At a Harvard Natural History Museum workshop, SSL learns how to embalm a rat.
This year’s Hoopes Prize-winning topics include a classicist’s examination of transgender lives in ancient Rome, an astrophysicist’s research on superluminous supernovae, and a mechanical engineer’s creation of a compressed air assisted bicycle.
In 2017, two Harvard professors launched the Embedded EthiCS program, hoping to “bring ethical reasoning into the Computer Science curriculum.” But few students take the program seriously, and many even consider it “funny-bad.” At a time when tech-ethics seems more important than ever, what’s going on?
Just five years ago, the Math Department’s official word on Math 55 was that it was “probably the most difficult undergraduate math class in the country.” Now, they say, “if you’re reasonably good at math, you love it, and you have lots of time to devote to it, then Math 55 is completely fine for you.” So, what changed?
Former President of the Harvard Undergraduate Foreign Policy Initiative Sama E.N. Kubba ’24 denied recent reporting of financial misconduct in a statement on her personal website Wednesday — though the club says they are still awaiting the return of more than half of the approximately $30,000 she transferred to her personal account.
The former president of the Harvard Undergraduate Foreign Policy Initiative, just weeks after the conclusion of her term, transferred approximately $30,000 from the organization’s bank account to her own. In the months since the Jan. 1 transfer, HUFPI has tried — and failed — to recover all the funds from its former president, Sama E.N. Kubba ’24.
It’s a Thursday afternoon in the Lowell House Faculty Deans’ kitchen, and bakers are whisking, sifting, and pre-heating in anticipation of a beloved house tradition: Lowell Tea.
Students and affiliates were abuzz last Friday following a guest lecture from Kim Kardashian at Harvard Business School.
Deborah A. Batts '69 — who unexpectedly died in February 2020 at age 72 due to complications from knee surgery — had an extraordinary legal career by any standard. But she also accomplished an important national first. With her confirmation to the federal bench in 1994, she became the first openly gay federal judge in the United States.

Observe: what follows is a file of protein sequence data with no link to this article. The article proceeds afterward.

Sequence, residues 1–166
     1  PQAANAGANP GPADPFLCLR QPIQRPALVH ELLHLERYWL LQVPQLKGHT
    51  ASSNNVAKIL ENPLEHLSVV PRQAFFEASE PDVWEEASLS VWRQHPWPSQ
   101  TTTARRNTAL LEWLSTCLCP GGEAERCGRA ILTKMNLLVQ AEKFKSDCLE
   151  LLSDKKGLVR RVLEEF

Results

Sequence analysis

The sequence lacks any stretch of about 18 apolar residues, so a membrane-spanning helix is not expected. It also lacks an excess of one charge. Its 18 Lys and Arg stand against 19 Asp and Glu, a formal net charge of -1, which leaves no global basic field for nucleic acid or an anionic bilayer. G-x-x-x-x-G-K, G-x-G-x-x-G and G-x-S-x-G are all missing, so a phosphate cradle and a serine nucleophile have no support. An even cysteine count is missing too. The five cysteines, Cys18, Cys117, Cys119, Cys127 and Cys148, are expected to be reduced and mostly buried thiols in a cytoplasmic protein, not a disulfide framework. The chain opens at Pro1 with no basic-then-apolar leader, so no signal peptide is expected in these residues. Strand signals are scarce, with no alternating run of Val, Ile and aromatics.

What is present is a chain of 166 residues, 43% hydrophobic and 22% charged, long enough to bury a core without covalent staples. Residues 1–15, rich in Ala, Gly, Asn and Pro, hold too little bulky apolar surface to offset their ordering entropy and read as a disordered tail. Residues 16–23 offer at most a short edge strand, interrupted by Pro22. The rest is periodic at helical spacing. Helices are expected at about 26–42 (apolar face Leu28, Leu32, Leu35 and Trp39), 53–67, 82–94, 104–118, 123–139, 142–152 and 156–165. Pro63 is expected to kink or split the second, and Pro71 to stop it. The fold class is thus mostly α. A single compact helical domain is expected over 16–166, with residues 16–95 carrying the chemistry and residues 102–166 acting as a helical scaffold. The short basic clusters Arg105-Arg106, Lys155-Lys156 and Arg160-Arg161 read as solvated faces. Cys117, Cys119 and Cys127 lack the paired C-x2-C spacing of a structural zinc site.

The forest, Foster says, “is one of those kinds of resources that no other university has, so it’s something that Harvard should really cherish.”
After graduation, D’Asaro, Wang, and Meryl N. Breidbart ’13 founded Chirps, a line of cricket protein snacks now sold in retail locations across the country.
Days away from its scheduled Jan. 31 closure, Brattle Square Florist announced it will remain open with longtime store manager Stephen Zedros — a member of the Gomatos family who founded the shop — as the new owner.
Ben and Jerry's reopened its Harvard Square location in December 2021 following a nearly two-year-long hiatus. The new storefront, which opened on Dec. 21, is now located across the street at 35 JFK St, formerly David’s Tea.
After more than a century in Harvard Square, Brattle Square Florist will close its iconic storefront at the end of the month.
In the fall of 1967, Sally Faith Dorfman ’71 saw an ad in The Crimson from the Harvard University Band that stated the band was in need of more flute players. Dorfman, a flautist, thought she might try out. But there was a catch — the band, at the time, was all male.
Jokes That Aren’t Funny: Racism and Harassment in Student Traditions
Who Can Be ‘Racist’?
What the Hell Happened: Taylor Swift Surprise-Drops “Wildest Dreams (Taylor’s Version)”
Harvard Law Professor Charles Ogletree Jr., ‘Renaissance Lawyer’ and Staunch Civil Rights Defender, Dies at 70
Harvard Overhauls College Application in Wake of Affirmative Action Decision